The survey of 235 pregnant women in Australia, New Zealand and Italy found twins born at 37 weeks were less likely to be small for their gestational age compared to those born at 38 weeks.
Study author Professor Jodie Dodd from the University of Adelaide's Robinson Institute and the Women's and Children's Hospital Adelaide said twin pregnancies carried the risk of a slow growth rate in one or both infants.
This could result in low birth weight and the increased need for specialist neonatal care in the short term, and heart disease and diabetes in the long term, Prof Dodd said.
The study found that electing to give birth at 37 weeks, by inducing labour for a natural birth or choosing a caesarean section, reduced the risk of serious complications for babies.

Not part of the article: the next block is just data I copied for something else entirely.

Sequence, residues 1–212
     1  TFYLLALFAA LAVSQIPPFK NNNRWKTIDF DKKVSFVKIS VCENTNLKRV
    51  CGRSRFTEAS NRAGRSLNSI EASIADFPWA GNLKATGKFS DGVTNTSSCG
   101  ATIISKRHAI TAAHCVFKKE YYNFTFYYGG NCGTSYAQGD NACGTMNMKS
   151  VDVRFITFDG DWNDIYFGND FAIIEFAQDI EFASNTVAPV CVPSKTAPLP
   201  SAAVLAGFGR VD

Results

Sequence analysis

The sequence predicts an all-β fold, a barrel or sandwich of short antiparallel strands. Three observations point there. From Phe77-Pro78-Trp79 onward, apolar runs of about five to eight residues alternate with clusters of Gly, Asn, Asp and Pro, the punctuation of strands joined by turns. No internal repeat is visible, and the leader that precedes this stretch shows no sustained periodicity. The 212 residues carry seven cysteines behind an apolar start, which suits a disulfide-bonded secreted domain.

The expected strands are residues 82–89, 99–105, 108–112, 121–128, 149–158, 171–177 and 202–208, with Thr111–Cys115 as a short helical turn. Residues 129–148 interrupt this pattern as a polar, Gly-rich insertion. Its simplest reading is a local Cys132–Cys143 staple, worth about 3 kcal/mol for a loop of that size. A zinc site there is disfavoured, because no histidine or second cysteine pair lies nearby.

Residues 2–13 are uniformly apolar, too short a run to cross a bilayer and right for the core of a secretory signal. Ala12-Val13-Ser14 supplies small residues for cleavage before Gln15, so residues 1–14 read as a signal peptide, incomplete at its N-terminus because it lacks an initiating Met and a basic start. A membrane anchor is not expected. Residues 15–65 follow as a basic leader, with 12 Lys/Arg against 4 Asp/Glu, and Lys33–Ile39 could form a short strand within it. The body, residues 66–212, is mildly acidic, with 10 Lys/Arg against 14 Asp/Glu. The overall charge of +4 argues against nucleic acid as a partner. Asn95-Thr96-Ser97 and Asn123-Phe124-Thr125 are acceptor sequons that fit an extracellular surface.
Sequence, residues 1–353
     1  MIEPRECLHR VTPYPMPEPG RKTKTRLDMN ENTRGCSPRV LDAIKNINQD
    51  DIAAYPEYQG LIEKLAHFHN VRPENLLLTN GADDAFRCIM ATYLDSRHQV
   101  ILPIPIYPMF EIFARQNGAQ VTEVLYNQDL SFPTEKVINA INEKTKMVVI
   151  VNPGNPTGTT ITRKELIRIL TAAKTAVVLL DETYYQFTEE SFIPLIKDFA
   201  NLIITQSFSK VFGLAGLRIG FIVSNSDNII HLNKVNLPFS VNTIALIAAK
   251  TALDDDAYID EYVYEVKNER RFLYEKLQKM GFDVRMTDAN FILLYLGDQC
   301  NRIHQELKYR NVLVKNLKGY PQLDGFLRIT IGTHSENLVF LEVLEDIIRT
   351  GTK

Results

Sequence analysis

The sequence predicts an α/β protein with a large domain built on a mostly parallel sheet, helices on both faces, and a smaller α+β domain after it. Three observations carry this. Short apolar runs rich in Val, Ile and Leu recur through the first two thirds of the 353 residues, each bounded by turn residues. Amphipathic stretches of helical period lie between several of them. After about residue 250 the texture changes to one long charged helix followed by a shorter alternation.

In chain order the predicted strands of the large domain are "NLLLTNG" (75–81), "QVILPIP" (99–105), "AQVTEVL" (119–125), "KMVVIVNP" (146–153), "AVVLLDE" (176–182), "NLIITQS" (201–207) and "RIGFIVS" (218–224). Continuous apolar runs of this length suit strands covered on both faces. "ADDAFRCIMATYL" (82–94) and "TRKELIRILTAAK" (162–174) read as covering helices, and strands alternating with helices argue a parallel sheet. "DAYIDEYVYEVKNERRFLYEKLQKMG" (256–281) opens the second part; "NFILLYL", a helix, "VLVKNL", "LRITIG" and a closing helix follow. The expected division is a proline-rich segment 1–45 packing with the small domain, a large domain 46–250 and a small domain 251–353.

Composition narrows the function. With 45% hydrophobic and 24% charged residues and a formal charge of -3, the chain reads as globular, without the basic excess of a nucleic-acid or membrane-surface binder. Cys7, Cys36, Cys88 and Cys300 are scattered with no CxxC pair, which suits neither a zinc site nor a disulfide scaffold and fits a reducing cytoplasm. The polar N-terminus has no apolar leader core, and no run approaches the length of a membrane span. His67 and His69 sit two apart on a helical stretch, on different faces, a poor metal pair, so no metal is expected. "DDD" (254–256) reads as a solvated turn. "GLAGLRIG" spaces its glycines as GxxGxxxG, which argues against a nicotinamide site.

The findings support the Royal College of Obstetricians and Gynaecologists guidelines released in September 2011, which recommend the optimal time to deliver uncomplicated twin pregnancies is 37 weeks.
Prof Dodd said the study started recruiting women in 2003, well before the guidelines were put in place.
"At that time, there was a lot of uncertainty about the best way or the best time for women to have their babies when they have an uncomplicated twin pregnancy," Prof Dodd said.
Some clinicians previously advocated women have their babies at 37 weeks, while others suggested waiting until 38 or 39 weeks, she said.
A normal full-term pregnancy is 40 weeks.
"The study was designed to address some of that clinical uncertainty about what was the optimal time for women with an uncomplicated twin pregnancy to have their babies at term," Prof Dodd said.
She said the study did not recommend elective caesarean section or vaginal births, with the decision left to women and their caregivers.
The study was published on Wednesday in the British Journal of Obstetrics and Gynaecology.